• Pain can be detected by a short, sharp decline in radiated temperature of the lachrymal region of the eye due vasoconstriction. This response is used to study effects of procedures that are potentially painful, e.g. tail docking and castration of pigs, or to compare methods of pain relief.
  • Stressors such as handling and transport induce metabolic changes in a host of biochemical compounds, including steroid hormones and acute phase proteins. Measurement of corticosteroids in minimally-invasive samples provides a means of assessing stress responses of animals with minimum disturbance due to sample collection.
Current Projects

Projects are focussed on the minimally-invasive assessment of disease detection, stress-resistance and metabolic efficiency. The following are short descriptions of current research studies.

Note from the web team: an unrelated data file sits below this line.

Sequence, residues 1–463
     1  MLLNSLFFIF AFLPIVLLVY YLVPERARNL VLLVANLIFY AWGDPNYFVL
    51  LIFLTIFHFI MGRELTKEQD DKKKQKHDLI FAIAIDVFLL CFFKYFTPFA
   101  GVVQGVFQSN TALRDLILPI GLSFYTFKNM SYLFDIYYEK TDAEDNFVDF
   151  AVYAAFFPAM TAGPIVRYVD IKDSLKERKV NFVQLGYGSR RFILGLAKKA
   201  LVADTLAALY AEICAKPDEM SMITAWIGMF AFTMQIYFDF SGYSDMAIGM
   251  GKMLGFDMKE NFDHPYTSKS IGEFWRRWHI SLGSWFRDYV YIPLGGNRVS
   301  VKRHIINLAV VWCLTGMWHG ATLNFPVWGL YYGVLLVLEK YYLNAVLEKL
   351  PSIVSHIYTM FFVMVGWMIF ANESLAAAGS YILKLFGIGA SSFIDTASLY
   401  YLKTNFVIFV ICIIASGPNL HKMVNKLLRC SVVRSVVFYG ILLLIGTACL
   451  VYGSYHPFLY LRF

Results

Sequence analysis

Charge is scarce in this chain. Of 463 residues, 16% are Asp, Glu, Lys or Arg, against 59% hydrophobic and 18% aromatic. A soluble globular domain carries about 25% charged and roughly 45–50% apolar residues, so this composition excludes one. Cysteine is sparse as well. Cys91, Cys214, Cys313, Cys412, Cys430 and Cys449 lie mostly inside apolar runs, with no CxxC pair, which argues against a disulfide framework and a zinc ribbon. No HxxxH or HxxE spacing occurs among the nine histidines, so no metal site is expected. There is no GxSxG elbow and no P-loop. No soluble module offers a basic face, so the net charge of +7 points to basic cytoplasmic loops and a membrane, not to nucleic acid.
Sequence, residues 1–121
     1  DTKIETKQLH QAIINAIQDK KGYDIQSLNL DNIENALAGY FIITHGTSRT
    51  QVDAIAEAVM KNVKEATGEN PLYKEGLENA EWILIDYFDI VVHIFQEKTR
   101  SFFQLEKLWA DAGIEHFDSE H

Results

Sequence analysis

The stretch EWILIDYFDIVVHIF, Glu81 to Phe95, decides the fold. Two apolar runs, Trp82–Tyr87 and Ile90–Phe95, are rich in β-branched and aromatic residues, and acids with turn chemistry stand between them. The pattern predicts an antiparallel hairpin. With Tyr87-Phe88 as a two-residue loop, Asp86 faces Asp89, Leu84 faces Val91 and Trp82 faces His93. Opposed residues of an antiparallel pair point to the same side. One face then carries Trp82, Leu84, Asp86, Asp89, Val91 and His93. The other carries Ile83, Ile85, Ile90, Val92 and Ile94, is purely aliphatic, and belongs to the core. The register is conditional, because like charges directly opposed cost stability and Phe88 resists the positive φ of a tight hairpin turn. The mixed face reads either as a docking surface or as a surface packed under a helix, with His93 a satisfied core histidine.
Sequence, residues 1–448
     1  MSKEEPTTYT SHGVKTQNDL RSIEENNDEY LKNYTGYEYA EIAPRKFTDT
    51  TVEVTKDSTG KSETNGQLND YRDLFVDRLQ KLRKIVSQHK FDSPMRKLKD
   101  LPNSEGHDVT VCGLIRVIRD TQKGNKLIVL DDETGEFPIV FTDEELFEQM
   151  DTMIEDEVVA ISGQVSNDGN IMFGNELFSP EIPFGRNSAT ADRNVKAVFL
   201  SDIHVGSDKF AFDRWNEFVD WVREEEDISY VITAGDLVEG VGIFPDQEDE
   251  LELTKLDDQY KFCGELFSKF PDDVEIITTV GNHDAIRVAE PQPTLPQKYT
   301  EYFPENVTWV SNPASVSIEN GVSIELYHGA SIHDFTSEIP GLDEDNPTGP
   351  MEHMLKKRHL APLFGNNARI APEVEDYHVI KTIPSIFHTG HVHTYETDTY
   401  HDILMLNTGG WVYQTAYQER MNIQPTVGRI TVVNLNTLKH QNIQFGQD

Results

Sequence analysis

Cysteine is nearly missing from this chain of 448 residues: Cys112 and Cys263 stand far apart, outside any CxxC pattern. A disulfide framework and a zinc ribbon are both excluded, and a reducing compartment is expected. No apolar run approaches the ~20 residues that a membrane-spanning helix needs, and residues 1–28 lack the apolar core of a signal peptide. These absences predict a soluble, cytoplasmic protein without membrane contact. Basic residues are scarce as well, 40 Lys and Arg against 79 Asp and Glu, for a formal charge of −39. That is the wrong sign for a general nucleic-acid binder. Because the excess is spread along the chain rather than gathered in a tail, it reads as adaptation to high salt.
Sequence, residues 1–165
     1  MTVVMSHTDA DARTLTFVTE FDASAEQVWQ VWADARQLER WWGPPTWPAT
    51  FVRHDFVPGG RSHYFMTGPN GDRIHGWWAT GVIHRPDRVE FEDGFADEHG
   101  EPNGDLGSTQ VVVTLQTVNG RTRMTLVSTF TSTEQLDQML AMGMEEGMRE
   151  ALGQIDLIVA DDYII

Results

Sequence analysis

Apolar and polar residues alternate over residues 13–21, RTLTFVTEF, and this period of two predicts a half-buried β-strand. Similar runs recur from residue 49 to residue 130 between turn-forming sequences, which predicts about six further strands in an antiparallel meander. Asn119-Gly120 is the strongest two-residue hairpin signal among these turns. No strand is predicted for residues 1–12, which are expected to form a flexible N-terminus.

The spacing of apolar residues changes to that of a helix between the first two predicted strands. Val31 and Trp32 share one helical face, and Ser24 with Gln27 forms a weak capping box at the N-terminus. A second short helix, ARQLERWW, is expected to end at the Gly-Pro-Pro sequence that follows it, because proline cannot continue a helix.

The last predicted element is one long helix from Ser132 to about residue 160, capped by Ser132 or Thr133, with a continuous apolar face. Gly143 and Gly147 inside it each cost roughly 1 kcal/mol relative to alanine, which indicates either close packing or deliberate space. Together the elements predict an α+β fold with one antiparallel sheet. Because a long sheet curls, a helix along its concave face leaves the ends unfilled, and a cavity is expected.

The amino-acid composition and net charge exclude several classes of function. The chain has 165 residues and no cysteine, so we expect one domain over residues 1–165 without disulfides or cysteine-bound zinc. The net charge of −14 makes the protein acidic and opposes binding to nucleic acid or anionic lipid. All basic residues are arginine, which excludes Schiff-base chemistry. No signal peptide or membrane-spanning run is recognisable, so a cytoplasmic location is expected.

1. Repeatability of radiated thermal measurements of beef steers. The objective is to test if measurement of radiated temperature is a quantitative biomarker of an animal’s thermoregulatory processes in relation to underlying metabolic activity, and responses to environmental conditions. Repeatability of radiated thermal measurements over time is a necessary requirement to utilise these measurements as a biomarker of thermoregulation.

2. Testing the efficacy of infrared imaging of groups of piglets to detect febrile responses to vaccination. Two different vaccines from different manufacturers are being used to model febrile response of piglets. Thermographic images are taken with an infrared camera mounted on the ceiling of the barn. The objective is to determine if a range in febrile responses can be detected from infrared images of groups of pigs in a pen.